Wednesday, January 2, 2013

85. McMahon



I didn't catch the first name, as it - like much of Spring Lake Cemetery in Rockland - was covered in snow.

It was a bench. It seems to me that's a growing fad. It also seems weird to be talking about fads in relation to cemeteries, but here we are. But let's face it, when we walk into a burial ground, we can automatically tell what's old and what's new, much like we do with hairstyles, cars and clothing. Fashion holds its sway even here. More on this topic later, I'm sure. But the bench? I'm not sold. Is it meant for sitting? I had never been a lingerer in a cemetery, mostly because until January 2, 2012, I never had anybody worth lingering for. My dad's passing changed all that. When I do get to visit him now I feel like I can stay all day, telling him back all the dirty jokes he told me as a kid.

But as for Mr. or Mrs. or Ms. McMahon, the sentiment was simple: "Miss me - but let me go."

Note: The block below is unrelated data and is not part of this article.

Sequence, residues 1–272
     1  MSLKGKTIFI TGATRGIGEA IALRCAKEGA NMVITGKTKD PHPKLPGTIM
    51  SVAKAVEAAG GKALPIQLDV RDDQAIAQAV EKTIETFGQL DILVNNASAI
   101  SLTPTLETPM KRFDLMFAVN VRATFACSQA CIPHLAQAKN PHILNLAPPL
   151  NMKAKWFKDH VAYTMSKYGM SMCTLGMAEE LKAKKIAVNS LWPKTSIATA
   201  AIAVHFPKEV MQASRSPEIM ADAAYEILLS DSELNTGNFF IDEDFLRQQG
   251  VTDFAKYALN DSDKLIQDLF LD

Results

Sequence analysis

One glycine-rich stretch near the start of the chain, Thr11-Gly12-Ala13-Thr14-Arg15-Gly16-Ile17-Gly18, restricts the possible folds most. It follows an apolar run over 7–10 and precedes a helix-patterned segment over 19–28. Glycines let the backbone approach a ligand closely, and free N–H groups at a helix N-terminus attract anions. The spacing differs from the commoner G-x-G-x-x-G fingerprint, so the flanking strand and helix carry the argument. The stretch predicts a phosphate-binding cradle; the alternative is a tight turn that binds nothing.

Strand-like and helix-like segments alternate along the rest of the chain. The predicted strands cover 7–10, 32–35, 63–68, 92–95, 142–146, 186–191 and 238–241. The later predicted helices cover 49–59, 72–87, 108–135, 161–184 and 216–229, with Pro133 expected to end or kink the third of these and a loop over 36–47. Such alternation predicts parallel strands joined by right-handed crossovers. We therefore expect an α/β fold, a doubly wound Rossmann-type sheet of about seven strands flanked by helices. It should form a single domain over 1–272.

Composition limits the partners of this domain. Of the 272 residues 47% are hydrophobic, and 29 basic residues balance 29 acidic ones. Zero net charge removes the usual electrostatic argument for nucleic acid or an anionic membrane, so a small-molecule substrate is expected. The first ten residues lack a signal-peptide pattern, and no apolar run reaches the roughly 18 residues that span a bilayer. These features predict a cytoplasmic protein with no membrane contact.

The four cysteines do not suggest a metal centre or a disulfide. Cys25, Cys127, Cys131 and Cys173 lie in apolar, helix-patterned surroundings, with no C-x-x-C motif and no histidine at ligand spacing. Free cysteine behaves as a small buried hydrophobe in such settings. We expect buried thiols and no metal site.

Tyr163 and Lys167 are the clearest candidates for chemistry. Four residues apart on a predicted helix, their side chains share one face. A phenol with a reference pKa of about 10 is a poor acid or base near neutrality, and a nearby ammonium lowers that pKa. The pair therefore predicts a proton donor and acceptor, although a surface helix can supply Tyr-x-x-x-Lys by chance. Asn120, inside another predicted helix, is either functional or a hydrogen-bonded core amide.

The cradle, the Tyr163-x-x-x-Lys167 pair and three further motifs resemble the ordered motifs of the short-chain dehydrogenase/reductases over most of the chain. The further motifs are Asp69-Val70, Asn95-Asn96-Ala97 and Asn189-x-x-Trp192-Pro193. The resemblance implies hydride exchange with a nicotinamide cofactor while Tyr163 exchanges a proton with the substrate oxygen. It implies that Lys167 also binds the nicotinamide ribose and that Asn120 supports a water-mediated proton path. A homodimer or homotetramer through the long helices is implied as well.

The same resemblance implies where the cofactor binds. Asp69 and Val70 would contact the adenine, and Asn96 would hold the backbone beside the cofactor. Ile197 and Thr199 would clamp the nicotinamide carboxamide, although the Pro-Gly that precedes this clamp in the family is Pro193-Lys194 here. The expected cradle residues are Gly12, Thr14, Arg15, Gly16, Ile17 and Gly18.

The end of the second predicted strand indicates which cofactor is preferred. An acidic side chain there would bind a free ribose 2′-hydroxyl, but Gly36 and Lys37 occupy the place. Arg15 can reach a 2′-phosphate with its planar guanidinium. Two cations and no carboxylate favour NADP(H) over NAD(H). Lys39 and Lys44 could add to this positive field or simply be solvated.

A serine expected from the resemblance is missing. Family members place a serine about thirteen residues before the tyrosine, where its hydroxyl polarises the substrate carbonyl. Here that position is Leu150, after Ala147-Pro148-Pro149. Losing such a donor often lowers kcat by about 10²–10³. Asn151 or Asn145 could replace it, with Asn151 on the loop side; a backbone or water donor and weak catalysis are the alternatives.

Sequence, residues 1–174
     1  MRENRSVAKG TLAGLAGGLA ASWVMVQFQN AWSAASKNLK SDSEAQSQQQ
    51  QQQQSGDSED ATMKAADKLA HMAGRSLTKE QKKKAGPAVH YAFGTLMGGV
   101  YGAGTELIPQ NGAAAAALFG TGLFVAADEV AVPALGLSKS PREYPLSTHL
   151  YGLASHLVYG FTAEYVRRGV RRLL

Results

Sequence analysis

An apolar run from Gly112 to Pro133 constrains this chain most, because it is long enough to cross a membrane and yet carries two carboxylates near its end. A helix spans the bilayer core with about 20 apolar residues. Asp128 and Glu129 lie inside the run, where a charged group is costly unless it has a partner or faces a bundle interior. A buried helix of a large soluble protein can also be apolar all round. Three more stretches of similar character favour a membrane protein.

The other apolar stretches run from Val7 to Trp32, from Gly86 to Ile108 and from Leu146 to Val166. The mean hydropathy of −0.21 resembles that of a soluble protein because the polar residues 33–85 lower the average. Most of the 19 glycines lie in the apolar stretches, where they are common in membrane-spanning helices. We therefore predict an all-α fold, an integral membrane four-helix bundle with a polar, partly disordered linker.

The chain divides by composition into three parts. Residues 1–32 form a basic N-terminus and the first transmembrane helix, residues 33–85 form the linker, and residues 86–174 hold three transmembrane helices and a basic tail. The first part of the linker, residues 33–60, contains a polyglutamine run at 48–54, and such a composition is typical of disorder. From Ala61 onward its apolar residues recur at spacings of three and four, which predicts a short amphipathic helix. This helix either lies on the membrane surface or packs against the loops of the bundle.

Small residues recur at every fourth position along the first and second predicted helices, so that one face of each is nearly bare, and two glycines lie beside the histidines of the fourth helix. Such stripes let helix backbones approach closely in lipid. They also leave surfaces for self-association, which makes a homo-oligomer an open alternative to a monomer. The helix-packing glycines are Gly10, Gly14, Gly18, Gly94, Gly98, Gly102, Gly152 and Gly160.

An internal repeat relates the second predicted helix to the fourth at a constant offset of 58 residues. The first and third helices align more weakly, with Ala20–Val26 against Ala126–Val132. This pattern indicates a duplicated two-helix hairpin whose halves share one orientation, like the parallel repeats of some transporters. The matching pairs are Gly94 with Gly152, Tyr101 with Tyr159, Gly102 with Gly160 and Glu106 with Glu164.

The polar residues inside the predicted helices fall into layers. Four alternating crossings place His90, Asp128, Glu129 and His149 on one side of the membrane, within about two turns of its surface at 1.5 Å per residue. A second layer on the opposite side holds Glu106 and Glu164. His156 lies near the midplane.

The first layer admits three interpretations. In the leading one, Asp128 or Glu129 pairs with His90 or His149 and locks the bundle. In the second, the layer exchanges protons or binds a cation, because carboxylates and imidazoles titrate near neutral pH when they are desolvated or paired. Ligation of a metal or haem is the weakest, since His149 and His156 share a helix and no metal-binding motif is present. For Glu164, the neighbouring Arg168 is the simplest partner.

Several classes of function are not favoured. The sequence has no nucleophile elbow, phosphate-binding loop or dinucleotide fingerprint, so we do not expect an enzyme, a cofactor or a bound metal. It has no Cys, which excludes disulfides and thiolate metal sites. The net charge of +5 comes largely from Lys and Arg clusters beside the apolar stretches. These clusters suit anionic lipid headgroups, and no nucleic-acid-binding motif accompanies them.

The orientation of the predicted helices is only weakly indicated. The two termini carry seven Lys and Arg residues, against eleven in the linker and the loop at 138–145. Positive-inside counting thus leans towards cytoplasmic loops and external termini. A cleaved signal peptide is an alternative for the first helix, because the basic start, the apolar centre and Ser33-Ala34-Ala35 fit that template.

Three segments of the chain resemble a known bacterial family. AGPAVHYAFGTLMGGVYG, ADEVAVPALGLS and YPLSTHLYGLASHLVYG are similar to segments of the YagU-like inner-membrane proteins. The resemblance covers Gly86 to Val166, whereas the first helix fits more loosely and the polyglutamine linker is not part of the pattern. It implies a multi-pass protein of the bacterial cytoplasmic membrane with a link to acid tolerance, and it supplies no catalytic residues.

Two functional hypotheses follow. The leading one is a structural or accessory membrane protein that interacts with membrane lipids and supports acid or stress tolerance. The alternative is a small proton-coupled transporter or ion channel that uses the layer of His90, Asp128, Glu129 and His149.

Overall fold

I think that by the end of this project I will have a much deeper love for my fellow man. For decades I've seen burial grounds as places of study; I've learned more about local history in some cemeteries than I have in some libraries. They're alive for historians. But when I take those glasses off, and see the world with just a straight, human vision, the emotion hits me. Someone loved this person, and not that long ago, judging by the freshly lain basket of Christmas decorations. Those six little words, which brought a very small lump to my throat, bring tears to the eyes of people not that far away every time they read them.

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